In 2016, the Illinois legislature enacted the Freedom to Work Act, which banned non-compete clauses in employment contracts with low-wage workers. This year, the legislature is considering several employee-friendly amendments to the act. Proposed changes include:
- Covenants not to compete would be unenforceable for employees earning less than $75,000 per year at the time the act takes effect. The earnings threshold increases over time.
- Covenants not to solicit would be unenforceable unless the employee’s actual or expected earnings exceed $45,000 per year.
- Covenants not to compete would be unenforceable against any employee who was terminated, furloughed, or laid off as the result of circumstances related to the COVID-19 pandemic, or under similar circumstances, unless enforcement of the covenant not to compete includes compensation equivalent to the employee’s base salary minus any mitigating earnings.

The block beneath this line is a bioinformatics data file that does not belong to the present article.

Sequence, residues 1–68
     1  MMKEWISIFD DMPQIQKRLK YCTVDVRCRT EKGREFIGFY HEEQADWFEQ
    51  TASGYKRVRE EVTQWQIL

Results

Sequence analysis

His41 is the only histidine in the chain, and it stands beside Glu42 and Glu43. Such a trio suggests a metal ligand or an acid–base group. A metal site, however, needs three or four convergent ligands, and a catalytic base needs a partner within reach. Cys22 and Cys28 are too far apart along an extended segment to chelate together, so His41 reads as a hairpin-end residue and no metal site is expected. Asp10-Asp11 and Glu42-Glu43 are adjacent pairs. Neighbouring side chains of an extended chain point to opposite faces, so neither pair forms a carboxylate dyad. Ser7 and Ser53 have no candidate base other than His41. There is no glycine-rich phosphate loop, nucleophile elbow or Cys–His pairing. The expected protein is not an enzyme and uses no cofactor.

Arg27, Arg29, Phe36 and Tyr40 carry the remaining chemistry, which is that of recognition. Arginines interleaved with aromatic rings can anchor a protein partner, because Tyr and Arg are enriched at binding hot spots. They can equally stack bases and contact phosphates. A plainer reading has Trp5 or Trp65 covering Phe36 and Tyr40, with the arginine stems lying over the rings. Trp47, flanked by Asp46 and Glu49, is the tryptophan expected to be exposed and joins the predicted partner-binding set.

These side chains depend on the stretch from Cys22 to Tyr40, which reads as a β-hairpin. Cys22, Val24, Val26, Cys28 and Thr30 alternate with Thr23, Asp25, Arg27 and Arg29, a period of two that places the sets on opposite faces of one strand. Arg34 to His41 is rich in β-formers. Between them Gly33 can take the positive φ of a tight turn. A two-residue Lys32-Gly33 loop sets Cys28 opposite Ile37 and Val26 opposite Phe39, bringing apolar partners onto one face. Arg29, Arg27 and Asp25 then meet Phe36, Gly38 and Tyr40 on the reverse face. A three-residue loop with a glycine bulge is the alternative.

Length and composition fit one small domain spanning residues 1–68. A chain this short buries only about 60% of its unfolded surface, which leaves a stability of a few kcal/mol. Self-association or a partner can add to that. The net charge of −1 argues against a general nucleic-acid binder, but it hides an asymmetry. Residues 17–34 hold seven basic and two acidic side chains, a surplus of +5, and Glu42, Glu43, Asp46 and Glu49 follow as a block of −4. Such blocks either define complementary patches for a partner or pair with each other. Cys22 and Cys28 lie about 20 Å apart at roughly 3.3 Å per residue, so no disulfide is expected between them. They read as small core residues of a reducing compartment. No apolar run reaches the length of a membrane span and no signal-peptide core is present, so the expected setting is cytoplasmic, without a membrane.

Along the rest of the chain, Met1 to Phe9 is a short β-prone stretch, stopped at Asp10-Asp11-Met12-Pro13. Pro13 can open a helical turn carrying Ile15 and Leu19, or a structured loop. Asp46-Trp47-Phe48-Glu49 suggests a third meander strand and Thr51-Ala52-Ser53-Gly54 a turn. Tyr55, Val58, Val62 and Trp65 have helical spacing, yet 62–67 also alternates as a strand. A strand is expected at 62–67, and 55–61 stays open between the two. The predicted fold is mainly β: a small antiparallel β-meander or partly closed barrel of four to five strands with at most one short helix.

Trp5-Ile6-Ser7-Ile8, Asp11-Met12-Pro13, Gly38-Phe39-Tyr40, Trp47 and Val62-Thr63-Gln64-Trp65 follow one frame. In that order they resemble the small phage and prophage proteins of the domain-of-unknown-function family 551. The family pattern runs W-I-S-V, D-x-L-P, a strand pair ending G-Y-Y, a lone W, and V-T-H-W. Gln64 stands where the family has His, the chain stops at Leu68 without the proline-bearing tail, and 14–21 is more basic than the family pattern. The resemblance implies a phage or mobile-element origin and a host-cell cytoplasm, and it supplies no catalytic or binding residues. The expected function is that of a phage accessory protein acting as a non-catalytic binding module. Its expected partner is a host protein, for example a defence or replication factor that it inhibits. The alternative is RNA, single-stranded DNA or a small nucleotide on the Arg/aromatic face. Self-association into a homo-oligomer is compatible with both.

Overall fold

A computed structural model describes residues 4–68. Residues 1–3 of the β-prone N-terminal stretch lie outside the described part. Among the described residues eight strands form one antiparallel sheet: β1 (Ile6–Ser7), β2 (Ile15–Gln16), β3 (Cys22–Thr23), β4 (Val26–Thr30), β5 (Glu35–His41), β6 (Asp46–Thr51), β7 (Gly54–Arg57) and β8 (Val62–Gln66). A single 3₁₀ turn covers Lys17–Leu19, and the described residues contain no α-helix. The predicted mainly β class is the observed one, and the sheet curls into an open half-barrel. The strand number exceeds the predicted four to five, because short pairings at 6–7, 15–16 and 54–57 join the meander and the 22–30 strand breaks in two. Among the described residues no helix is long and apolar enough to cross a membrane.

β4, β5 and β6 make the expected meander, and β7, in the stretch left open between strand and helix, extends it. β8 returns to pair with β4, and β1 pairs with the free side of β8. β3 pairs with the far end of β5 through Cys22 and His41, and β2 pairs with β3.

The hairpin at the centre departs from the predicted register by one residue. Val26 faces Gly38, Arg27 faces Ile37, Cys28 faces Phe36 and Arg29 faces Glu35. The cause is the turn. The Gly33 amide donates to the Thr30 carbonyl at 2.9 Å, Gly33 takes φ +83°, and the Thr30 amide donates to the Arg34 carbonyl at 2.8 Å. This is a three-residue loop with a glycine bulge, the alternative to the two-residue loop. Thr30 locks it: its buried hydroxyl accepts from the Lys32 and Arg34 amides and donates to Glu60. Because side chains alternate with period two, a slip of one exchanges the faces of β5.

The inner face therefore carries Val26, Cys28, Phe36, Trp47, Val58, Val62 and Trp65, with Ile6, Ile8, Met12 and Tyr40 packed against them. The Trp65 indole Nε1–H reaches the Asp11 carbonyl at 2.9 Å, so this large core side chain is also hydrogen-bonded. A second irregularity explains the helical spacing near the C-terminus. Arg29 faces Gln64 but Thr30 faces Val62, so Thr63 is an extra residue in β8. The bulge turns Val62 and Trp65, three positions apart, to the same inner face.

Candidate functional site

- Covenants not to compete would be unenforceable against individuals covered by a collective bargaining agreement.
- Employers would be required to provide a notice period for contracts including covenants not to compete or covenants not to solicit.
The amendments are set to take effect on January 1, 2022 and would not apply to any contracts made before that date.
If you have questions about how the Freedom to Work Act affects you, contact us for a free, 30-minute consultation with an employment attorney.
Rafael E. Lázaro is a founding member of Lázaro Law Group, LLC. With a particular emphasis on sexual harassment, Mr. Lázaro has dedicated his career to improving the workplace.